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Eves' "Bonfire of Political Bribes"

The Ontario Conservatives' election platform amounts to a bonfire of political bribes.

So writes Jeffrey Simpson in his column today in The Globe and Mail.

On the same day that the Tories unleashed their attack ads, criticizing Dalton McGuinty for being opposed to mortgage tax deductions and seniors' tax exemptions, The Globe unleashed a bit of an onslaught against those same policies.

As an aside, I've found The Globe and Mail's opinion pieces to be strongly anti-Eves in this campaign. I hope that their news coverage has been balanced -- I haven't been following closely enough -- but most of their columnists seem to have strong views. A McGuinty endorsement from this newspaper looks like a sure thing.

Anyway, in both Simpson's column and one of their editorials today, The Globe roasted Eves' platform and its reliance on highly-targeted tax breaks.

The tax break to seniors is slammed by Simpson thusly:

[It is] a $450-million giveaway to seniors who will not be required to pay the provincial portion of property taxes. Seniors, in other words, will be opting out of financing public schools, from which they and their children graduated. This is the worst kind of intergenerational bribery, especially when contrasted with the huge additional sums being poured into health care, a service disproportionately used by seniors.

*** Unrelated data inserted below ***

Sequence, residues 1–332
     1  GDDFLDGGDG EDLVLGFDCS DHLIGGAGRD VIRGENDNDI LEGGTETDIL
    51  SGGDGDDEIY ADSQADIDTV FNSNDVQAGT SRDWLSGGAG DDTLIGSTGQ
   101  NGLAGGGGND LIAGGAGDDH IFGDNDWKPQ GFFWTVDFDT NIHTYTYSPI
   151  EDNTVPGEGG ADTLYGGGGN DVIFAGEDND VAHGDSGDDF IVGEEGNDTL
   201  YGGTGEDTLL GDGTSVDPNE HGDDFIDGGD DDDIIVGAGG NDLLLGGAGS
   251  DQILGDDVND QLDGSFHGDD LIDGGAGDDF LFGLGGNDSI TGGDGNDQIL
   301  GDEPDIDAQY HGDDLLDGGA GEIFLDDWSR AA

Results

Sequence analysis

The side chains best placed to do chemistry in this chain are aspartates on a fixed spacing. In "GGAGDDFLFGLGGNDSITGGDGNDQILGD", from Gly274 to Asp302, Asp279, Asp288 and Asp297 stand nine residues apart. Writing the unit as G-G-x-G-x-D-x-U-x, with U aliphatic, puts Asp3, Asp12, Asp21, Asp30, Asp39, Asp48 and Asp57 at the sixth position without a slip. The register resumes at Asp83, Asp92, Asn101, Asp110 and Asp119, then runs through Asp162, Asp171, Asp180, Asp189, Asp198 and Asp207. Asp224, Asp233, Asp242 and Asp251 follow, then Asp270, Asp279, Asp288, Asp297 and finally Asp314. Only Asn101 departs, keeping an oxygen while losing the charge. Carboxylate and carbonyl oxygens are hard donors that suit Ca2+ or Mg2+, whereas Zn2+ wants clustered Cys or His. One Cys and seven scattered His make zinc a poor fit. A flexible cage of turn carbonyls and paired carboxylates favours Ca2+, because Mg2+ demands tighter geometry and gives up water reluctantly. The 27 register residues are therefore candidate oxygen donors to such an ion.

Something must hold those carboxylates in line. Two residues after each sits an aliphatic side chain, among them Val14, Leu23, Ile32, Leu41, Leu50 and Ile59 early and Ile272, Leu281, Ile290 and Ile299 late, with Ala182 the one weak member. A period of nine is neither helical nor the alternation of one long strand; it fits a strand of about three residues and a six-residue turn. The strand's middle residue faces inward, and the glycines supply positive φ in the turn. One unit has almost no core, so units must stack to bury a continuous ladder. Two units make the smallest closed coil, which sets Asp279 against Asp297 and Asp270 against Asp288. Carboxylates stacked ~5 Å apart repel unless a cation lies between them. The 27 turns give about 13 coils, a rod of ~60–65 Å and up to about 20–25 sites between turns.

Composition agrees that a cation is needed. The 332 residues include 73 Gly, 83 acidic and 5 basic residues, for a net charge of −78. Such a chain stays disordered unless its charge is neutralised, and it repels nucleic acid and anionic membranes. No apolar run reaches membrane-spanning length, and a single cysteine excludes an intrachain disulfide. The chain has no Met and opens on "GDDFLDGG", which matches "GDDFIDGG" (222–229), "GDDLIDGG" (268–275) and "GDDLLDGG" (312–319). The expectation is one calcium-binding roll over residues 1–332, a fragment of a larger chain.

Here is what he has to say about the private school tax subsidy:

Move along to the bribe for those who send their children to private schools. In the Conservatives' bonfire of bribery, this may be the most outrageous one of all, a shameful gift to the better-off who have opted out of the public school system. That they should have done so is a matter of private choice; that they should be rewarded by the public purse cannot be justified by any rational argument.

In one of those Orwellian phrases, the Conservatives call this the "equity in education tax credit," whereas in fact, the credit increases the inequity between those who support the public system and those who don't.

The Globe's editorial tackles mortgage deductability in more depth. And Simpson gets his shots in. But they mostly cover the criticisms that have been said before.

These new initiatives have several things in common:

  1. They all pay off key swing voters at the expense of everyone else (read: you and me)
  2. They aren't backed up by sound policy principles. Their reason for existing is #1, above.
  3. They are all regressive tax reforms
  4. They all are unaffordable... this province seems to be in a deficit situation, and Eves' explanations of how he will pay for these tax breaks -- more undefined discoveries of "efficiencies" -- are fluff

Actually, in my view, this is the style that the Harris-Eves era has been about from the beginning. It's just a lot more obvious now.



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